In 1983 Four newborn albino boas were, imported from Colombia. The group consisted of three males and one female. Over the next six years the boas grew to sexual maturity. The owners were unable to get the boas to successfully reproduce, which resulted in their decision to sell one of the males. This single adult male albino boa was bought by Peter Kahl of Baltimore, MD.
Peter paid $25,000.00, at which time was probably the largest amount ever paid for a single snake. Pete acquired six female Colombian boas and quarantined them from the male. In November of 1989 the seven animals were placed together. During December and January, the albino male repeatedly bred each female. In June of 1990 two of the six females produced babies. These babies were the first heterozygous for albinos ever produced. As a result of heavy feedings, the babies were nearly six foot in length within one year. Due to their size Peter decided to put a group together for the 91' breeding season. The decision paid off. In June of 1992 the first captive born albino boas were produced. The litter consisted of 22 babies, three of which were albino.
Article compliments of: Pete Kahl and Chris Romine
Photos compliments of: Pete Kahl, Chris Romine and Jeremy Stone
Article and Photos needed.
The coral albino boa is one that has appeared in
several litters of the
Article and Photos compliments of: Pete Kahl
If an animal has characteristics of an amelanistic albino but also has splashes of pitch-black pigmentation, then what is it? That is the nature of the paradox by this new boa constrictor morph produced by Vision Herpetological. Obviously there is a great deal yet to be learned about the genetics of pigmentation in snakes.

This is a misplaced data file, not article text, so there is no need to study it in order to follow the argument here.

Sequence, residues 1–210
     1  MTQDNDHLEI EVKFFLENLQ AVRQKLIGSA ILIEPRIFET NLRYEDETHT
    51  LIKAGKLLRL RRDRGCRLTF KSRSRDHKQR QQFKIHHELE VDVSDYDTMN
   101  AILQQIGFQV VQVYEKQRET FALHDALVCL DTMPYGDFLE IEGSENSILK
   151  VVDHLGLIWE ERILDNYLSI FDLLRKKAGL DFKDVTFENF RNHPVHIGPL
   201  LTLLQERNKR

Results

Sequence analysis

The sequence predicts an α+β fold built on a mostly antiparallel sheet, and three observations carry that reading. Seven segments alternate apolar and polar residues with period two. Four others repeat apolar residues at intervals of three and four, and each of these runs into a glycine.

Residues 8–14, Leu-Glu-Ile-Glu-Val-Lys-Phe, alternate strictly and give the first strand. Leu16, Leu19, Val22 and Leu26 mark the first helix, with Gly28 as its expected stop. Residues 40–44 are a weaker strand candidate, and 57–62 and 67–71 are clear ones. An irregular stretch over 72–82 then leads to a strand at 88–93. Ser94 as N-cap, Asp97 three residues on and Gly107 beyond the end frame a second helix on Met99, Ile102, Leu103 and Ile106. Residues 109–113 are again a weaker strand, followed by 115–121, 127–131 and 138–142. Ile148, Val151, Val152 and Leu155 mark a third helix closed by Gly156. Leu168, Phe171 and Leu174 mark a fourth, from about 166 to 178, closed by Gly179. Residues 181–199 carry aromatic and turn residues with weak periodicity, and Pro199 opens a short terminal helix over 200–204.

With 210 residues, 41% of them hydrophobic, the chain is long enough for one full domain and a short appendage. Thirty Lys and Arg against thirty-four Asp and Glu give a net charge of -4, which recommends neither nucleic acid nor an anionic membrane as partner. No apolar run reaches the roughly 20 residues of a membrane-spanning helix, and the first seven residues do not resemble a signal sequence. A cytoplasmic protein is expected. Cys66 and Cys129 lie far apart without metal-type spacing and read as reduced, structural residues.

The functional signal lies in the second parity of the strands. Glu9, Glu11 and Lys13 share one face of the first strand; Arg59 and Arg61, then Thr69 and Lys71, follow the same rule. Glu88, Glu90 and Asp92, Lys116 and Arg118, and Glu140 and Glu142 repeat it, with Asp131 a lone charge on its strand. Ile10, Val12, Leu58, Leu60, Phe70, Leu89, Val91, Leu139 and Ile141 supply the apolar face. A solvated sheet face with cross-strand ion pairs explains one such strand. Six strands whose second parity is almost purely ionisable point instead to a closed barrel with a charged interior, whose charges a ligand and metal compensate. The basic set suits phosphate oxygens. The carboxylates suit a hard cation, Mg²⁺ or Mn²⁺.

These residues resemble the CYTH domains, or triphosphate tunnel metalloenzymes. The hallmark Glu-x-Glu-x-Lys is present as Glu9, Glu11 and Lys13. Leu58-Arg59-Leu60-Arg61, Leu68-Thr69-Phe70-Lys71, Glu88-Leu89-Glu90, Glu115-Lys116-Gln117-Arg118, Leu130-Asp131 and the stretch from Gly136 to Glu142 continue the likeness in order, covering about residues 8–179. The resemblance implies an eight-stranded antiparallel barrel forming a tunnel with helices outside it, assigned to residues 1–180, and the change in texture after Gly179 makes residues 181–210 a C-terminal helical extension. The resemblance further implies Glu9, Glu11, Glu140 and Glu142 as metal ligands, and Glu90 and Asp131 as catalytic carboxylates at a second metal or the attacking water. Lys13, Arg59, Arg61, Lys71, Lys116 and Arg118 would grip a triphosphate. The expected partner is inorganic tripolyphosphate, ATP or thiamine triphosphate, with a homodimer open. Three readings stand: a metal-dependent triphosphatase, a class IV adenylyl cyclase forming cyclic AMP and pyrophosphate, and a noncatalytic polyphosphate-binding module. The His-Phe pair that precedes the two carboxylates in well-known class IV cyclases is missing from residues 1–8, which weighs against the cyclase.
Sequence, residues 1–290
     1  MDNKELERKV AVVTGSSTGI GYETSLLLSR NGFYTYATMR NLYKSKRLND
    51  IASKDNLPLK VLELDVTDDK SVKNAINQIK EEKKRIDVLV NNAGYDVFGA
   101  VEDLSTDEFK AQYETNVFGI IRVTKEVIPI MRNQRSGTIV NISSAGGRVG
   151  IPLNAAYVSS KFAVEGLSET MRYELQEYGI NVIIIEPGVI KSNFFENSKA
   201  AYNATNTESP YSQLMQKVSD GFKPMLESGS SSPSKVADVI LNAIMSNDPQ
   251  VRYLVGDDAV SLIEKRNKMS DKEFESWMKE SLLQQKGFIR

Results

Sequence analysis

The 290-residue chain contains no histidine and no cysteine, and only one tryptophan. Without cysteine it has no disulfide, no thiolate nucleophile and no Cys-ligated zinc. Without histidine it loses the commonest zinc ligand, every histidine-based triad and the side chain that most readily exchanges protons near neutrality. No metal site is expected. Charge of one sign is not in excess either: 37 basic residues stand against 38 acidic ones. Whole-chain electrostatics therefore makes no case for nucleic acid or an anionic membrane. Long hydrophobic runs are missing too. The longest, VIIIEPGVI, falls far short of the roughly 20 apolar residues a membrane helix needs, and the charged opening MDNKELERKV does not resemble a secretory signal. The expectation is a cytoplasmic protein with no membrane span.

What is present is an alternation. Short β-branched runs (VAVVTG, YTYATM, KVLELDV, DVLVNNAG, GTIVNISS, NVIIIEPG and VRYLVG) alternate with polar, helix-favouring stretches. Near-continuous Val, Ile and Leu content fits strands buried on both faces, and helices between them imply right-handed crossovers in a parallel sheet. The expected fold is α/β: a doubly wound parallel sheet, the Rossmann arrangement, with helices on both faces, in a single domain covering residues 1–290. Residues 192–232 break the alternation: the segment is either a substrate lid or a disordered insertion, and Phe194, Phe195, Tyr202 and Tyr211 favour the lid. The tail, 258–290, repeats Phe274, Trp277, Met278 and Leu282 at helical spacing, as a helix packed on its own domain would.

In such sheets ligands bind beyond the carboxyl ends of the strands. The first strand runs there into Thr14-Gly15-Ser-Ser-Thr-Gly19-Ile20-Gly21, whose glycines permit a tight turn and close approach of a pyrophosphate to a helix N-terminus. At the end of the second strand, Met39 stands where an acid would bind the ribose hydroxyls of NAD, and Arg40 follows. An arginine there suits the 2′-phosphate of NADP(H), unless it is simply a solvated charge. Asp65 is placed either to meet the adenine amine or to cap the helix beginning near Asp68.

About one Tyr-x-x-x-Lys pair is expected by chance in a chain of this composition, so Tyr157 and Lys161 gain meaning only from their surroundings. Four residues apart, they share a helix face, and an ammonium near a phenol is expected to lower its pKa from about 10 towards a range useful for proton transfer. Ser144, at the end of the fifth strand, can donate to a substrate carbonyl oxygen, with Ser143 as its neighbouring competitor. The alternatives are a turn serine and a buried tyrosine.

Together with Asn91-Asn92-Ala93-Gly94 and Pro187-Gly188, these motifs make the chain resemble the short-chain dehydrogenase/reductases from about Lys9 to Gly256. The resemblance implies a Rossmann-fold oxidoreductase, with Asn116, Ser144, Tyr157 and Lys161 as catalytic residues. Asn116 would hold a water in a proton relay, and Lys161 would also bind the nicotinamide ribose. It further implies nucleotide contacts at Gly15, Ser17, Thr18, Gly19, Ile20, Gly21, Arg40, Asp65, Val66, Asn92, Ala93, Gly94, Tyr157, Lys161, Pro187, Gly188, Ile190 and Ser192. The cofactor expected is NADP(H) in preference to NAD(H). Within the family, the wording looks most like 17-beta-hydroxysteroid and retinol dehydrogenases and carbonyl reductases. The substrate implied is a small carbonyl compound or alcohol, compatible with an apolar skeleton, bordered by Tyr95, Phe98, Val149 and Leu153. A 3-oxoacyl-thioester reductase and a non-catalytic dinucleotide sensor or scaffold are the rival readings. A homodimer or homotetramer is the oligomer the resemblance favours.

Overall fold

The history of the "Paradox" boa constrictor is worth elaborating on because it shows the kinds of reproductive experiments that can lead to new "designer" snakes. The sire of the "Paradox" boa is a hybrid Suriname red-tail boa x Colombian boa heterozygous for albinism (Boa constrictor constrictor x B. c. imperator). The sire was bred with two sibling female Colombian common boas (B. c. imperator) that were heterozygous for albinism.
One female produced a litter of 16 babies, four of which
ere albino. The other had a litter of 18 babies of which six were albino. Each
female produced one "Paradox" boa constrictor. This suggests that a
combination of two different recessive genes may be required for the
expression of this trait. By raising these two female "Paradox" boas
to sexual maturity and back crossing them to their father, it is hoped that
the genetics of this new boa constrictor morph will be elucidated and this new
morph will be established in herpetoculture.
Article and Photos compliments of: David A. Northcott